MICHELE NORRIS, host:
We turn now to Guantanamo Bay, Cuba. It's not the easiest assignment in the world. For the past two years, Army Major General Jay Hood has been commander of the U.S. Detention Center at Guantanamo Bay. Hood's tenure has been marked by a series of scandals and a continuing controversy over the Bush Administration's policy on detention and interrogation. In the next few weeks, Hood winds up his assignment. NPR's national security correspondent, Jackie Northam, spoke with him about his time at Guantanamo.
JACKIE NORTHAM reporting:
There was controversy over Guantanamo Bay long before Major General Jay Hood stepped off the plane two years ago. But that controversy was ratcheted up one week after he arrived, when the prisoner abuse scandal at Iraq's Abu Ghraib prison broke. Hood's predecessor at Guantanamo, Major General Geoffrey Miller, was implicated in the scandal. Although the abuse happened in Iraq, it didn't take long before a huge spotlight swung toward Guantanamo Bay. Hood says since then the detention operations at the base have been under constant scrutiny.
Major General JAY HOOD (Commander, U.S. Detention Center, Guantanamo Bay): There have been so many wild and outrageous statements that have appeared in the media, which would indicate that we were abusive, coercive, torturous sort of group. The idea that we have rogue guards roaming around who might beat or abuse detainees is simply absurd.
NORTHAM: But a cloud continues to hang over Guantanamo, stemming from several damning reports regarding abusive and coercive interrogation techniques, mostly from the early days, before Hood arrived. Some detainees who have been released recently say prisoners at Guantanamo are still subject to harsh questioning. The 52-year-old Hood, who grew up in an Army family, says under his watch, interrogators use only techniques laid out in the Army Field Manual. Hood adds that over the past few months interrogators haven't questioned many of the detainees.
Major General HOOD: A number of detainees, very obviously acting on advice of their legal counsel in habeas litigation cases, have been told whatever you do, don't talk to the Americans. Don't tell them anything. And that group, I think, is certainly less cooperative.
NORTHAM: Hood says interrogators are focusing their efforts on about a quarter of the prisoners, who have what he calls high intelligence value. The question that often comes up is what possible relevant information could a detainee have after four years of incarceration? Hood says you'd be surprised.
Major General HOOD: What is important that is gathered today and this week and this month are pieces of information that help us better understand terrorist organizations. How they recruit, how they move around the globe, how they're financed, how they command and control operations.
NORTHAM: Hood is often riled up by the persistent questions about the usefulness of intelligence being gathered at Guantanamo. Perhaps that's why he allowed a peek at some new evidence.
Major General HOOD: Jackie, we're going to go in and look here in a minute at what's called our evidence locker. It's a...
NORTHAM: This evidence locker is a long, low building that overlooks the blue waters of the Caribbean. For the first time, a journalist is allowed to go inside. Metal shelves crammed with dark green boxes fill the cavernous room. In them are more than 120,000 documents.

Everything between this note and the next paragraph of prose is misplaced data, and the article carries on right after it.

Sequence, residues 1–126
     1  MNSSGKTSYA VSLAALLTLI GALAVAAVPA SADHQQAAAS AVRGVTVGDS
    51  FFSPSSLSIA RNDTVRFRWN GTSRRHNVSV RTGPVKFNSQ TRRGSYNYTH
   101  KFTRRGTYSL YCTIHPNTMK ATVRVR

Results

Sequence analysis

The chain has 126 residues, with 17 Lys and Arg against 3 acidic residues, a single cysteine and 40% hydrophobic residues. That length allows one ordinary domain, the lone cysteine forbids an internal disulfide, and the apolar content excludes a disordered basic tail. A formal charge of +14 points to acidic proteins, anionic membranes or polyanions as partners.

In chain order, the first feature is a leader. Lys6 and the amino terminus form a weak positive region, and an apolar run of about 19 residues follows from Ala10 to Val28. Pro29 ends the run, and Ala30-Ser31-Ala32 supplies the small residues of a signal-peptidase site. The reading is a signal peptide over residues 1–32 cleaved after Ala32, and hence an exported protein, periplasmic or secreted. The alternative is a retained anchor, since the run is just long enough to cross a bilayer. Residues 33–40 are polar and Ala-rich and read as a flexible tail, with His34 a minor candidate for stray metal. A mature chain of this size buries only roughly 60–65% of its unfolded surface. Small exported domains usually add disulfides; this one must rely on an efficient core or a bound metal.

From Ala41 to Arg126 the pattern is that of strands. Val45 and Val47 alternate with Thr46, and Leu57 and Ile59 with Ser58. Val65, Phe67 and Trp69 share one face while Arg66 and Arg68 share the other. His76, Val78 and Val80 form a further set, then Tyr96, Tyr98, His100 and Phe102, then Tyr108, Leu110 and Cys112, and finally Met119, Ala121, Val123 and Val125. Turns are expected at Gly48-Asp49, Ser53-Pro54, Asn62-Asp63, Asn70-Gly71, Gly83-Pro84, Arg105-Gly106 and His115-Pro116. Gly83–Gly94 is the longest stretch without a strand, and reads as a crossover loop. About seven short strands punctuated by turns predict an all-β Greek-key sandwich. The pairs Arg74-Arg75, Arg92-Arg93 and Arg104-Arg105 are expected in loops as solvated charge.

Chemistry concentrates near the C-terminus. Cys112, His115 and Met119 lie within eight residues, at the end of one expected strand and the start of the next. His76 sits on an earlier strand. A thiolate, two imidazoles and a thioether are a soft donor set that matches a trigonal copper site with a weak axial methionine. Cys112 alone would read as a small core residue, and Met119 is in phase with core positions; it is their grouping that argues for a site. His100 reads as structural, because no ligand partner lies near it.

Major General HOOD: Captured telephone records, captured notebooks with all sorts of engineering data in them, both real and forged money.
NORTHAM: General Hood says when the detainees were captured about four years ago, the evidence was gathered up and stuffed into garbage bags and boxes.
Major General HOOD: It was hastily inventoried, stacked up, sealed and was transported here to Guantanamo. Frankly, it's just in the last year that we've been able to take a closer look at exactly what we've got here.
NORTHAM: Hood says they're finding that some of the detainees they thought were low-level players in fact held more important positions in the Taliban and al- Qaida. Hood is unapologetic about Guantanamo. He says if he felt there were no intelligence value or if the detainees could all be safely integrated back into their societies, then he would tell his chain of command.
Major General HOOD: That's not what I'm saying. What I'm telling you is that there are a group of men here who are extremely bright, extremely well- educated, who are very familiar in the West, many of them who have extraordinary financial resources back home. And many of them who have looked us in the eyeball and said, when I get out of here, I'm going to kill you.
NORTHAM: But there are chronic complaints that some of the detainees being held are innocent goat farmers or the like, and have not been given their due legal process. Only 10 of the nearly 500 remaining prisoners have been charged. For Hood, solving those issues are, in military parlance, out of his lane. He is dealing with detainees finding ways to protest their open-ended detentions. Since August, many detainees have staged a hunger strike.
General Hood has come under sharp, widespread criticism for his decision to force feed the detainees with the use of a restraining chair. Hood defends the decision, saying he will not allow one of the detainees to become a martyr, thereby creating more pressure to close the camp.
Major General HOOD: Imagine, if you will, if we simply allowed them, contrary to U.S. law, to kill themselves. What would that mean to the rest of the Islamic world? You have Muslims dying at Guantanamo Bay.
NORTHAM: General Hood will leave this and other problems behind when he wraps up his assignment in the next few weeks. He has not been told where he goes next.
Jackie Northam, NPR News.
MICHELE NORRIS, host:
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